Portugal Cuisine

5 Foods to Try in Portugal

A trip to Portugal is like an awakening of the senses. From the glistening waves and bustling resorts of the Algarve to the blissful countryside, to the quaint cobblestone streets of the many tiny towns and villages, it’s truly the best of all worlds in this one spectacular destination. Whether you enjoy learning about a new culture, trying your hand at some outdoor adventure activities, enjoying some leisurely shopping or dining on some of the finest cuisine on earth, you’ve come to the right place. There’s no question – when it comes things to see, do, experience and most of all, taste – there’s simply no place like Portugal. For those with an adventurous appetite, here are 5 must-try foods to add to your list.

Caldo Verde

Soup lovers rejoice in this delectable treat. Caldo Verde is a popular soup that is actually more like a stew, it’s so hearty. It’s traditionally prepared with onions, kale and plenty of potatoes. And, of course, if you’re in Portugal, you can’t forget the meat! Some chefs add it directly to the soup itself, while others prefer a side serving of mouthwatering slices of linguiça or chouriço, both popular Portuguese meats. Still others enjoy a chunk of Portuguese corn bread on the side, perfect for dipping in and soaking up some of that flavorful broth that is perfectly seasoned with garlic, salt and olive oil. Don’t be surprised if you find yourself asking for seconds of this tasty dish!


In Portuguese, the word Bacalhau means codfish, which may seem somewhat common but there’s nothing common about how this seafood is prepared here. It is typically served dried and salted, however that is where the similarity stops. In fact, it is rumored that there are 365 ways to cook Bacalhau and over 1,000 different recipes dedicated to the salty fish – most of which are based on region or tradition. Whichever way it’s ultimately prepared, Bacalhau is often served with potatoes and some type of fresh vegetable. And, of course, it is also usually paired with a bold, mature wine to help bring out all of the flavors of this popular meal.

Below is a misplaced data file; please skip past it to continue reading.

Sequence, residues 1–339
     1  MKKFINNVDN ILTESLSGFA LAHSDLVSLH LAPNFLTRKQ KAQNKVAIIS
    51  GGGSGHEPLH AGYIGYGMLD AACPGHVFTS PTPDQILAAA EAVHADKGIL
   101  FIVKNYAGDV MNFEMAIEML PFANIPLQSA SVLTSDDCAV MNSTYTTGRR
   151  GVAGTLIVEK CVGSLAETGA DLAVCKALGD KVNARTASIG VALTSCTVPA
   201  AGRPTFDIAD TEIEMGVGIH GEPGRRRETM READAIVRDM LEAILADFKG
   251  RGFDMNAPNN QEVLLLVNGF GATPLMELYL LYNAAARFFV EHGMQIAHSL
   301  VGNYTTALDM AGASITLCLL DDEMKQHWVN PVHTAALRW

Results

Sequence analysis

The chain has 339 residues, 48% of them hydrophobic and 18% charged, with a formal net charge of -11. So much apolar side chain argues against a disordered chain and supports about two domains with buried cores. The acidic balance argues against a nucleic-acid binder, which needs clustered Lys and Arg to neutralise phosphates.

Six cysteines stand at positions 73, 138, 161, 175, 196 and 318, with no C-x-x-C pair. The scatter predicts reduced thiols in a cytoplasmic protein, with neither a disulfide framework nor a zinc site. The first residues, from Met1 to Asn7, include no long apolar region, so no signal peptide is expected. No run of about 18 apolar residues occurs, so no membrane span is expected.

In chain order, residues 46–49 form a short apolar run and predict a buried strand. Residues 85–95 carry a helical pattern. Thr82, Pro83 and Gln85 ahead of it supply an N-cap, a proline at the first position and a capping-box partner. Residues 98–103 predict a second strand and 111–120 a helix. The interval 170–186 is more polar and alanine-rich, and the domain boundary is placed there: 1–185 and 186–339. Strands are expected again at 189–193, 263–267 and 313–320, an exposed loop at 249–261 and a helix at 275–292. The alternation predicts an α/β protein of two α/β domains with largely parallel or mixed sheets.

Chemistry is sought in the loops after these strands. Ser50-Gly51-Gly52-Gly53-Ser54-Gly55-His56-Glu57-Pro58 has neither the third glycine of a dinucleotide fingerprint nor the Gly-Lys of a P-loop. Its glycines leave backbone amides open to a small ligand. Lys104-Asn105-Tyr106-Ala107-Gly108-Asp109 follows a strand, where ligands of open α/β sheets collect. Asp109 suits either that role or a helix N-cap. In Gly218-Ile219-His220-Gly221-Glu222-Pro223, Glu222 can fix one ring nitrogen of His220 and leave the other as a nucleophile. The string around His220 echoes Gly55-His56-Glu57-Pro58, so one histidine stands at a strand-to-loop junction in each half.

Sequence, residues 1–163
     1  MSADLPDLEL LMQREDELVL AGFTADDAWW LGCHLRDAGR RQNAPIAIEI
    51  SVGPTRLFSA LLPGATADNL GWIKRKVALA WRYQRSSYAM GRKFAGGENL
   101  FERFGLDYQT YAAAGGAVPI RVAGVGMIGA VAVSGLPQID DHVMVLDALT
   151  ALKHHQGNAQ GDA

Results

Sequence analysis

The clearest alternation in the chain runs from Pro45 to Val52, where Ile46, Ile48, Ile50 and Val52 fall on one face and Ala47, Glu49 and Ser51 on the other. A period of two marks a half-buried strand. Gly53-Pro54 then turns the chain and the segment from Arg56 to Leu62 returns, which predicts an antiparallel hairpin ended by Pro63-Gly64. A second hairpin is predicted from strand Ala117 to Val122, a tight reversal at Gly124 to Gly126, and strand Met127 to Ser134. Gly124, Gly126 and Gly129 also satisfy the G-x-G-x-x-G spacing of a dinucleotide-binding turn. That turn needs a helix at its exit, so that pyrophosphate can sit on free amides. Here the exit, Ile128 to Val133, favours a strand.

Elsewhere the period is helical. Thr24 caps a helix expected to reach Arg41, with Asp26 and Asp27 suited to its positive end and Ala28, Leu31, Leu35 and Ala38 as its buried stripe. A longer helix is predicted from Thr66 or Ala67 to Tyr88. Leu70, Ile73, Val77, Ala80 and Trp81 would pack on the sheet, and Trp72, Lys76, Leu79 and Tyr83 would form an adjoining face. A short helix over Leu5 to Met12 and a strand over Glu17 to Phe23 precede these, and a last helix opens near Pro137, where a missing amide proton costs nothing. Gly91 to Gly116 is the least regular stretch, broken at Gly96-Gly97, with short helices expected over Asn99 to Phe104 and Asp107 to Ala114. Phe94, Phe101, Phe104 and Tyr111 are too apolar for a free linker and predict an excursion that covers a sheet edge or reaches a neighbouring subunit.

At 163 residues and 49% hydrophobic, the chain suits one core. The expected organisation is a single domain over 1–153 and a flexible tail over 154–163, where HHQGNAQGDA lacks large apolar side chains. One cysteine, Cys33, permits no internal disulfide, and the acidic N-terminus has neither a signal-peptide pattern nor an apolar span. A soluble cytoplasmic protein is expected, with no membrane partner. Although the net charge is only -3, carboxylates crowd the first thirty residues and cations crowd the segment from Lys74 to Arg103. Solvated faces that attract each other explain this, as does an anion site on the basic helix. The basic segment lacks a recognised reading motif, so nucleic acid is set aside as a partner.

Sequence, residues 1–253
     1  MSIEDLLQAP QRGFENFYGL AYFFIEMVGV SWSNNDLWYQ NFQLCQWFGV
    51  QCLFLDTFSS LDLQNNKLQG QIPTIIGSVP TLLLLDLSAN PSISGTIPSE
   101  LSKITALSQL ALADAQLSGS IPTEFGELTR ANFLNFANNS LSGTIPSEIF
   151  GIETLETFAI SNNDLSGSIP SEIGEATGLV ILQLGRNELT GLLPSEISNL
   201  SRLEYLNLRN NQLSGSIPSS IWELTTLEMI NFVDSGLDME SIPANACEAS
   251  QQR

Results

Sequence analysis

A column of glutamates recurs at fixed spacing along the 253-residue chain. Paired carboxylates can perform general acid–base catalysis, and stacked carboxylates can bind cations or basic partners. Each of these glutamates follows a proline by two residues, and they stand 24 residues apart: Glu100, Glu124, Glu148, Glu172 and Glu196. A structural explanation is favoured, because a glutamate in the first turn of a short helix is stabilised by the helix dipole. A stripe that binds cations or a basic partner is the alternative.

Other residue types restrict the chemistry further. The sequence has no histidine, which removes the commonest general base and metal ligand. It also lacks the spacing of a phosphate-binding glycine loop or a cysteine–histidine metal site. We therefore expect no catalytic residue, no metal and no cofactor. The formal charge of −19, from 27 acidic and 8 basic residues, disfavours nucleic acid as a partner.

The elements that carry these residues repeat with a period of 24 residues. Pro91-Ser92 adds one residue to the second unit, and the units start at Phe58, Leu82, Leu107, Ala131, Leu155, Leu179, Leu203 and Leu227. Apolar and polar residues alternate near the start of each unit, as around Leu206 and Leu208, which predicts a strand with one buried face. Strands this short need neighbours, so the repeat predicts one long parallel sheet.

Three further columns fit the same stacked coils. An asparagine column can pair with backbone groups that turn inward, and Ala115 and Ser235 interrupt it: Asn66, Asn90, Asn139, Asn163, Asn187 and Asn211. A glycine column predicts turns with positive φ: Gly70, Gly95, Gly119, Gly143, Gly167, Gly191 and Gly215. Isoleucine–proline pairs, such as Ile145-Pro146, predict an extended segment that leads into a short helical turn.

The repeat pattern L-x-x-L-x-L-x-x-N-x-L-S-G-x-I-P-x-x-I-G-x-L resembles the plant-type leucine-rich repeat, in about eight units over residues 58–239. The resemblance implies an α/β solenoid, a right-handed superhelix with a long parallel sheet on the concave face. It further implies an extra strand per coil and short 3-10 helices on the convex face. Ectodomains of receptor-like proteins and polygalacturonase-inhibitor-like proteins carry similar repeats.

Pastel de Nata

Pastel de Nata is a somewhat peculiar looking egg tart pastry that is enjoyed widely throughout Portugal. It is believed that the origins of this tiny treat can be traced back to Catholic monks prior to the 18th century, but there’s no way to know for sure. One thing you will know is how tasty these treats truly are, prepared as pastry cups filled with mouthwatering custard and often sprinkled with either cinnamon or powdered sugar. They are prepared in the traditional way at just about every Portuguese bakery, but if you’d like to try one, be prepared to wait in line. They’re so good, everyone wants one! Trust us, though – they’re worth the wait.


For those with more hearty appetites, Cozido is certain to fill you to the brim with delicious goodness. This rich stew is made from a large variety of meats and vegetables, from pork to beef to Portuguese smoked sausage, and any combination of tasty veggies, like cabbage, turnips, carrots, potatoes and collard greens. Some chefs also like to add rice into the mix to really thicken things up. It’s typically served with bread for dunking, and it also goes perfectly with a nice glass of red wine. Be sure to bring your appetite before you tackle this dish! It’s so thick and hearty that the Portuguese tend to prefer it as a winter meal. It’ll certainly keep you warm and put some meat on your bones!

Spices, Herbs and Oil

Not necessarily a dish in and of itself (although they’re so unbelievably tasty, they very well could be), the very ingredients used in preparing Portuguese cuisine deserve an honorable mention here. When it comes to flavoring food, the Portuguese are pros! Most dishes are prepared using a wide variety of spices, including everything from piri piri and black pepper on the main courses, and a generous supply of cinnamon and vanilla for desserts. And, of course, we can’t forget the herbs. Smell that garlic, taste that coriander, check out the vibrant green of the parsley. The food in Portugal is almost as beautiful as the surrounding landscape itself. Finally, another staple in Portuguese cooking is olive oil, which is used for both cooking and for flavoring meals.

Hungry yet? If you aren’t, you certainly will be once you get a whiff of the delectable cuisine that is served throughout Portugal. These are just five of the many delicious dishes that make this incredible country so special, and such a fantastic place to visit. So, what are you waiting for? Pack your bags, and your appetite, and head on over for some mouthwatering authentic Portuguese cuisine!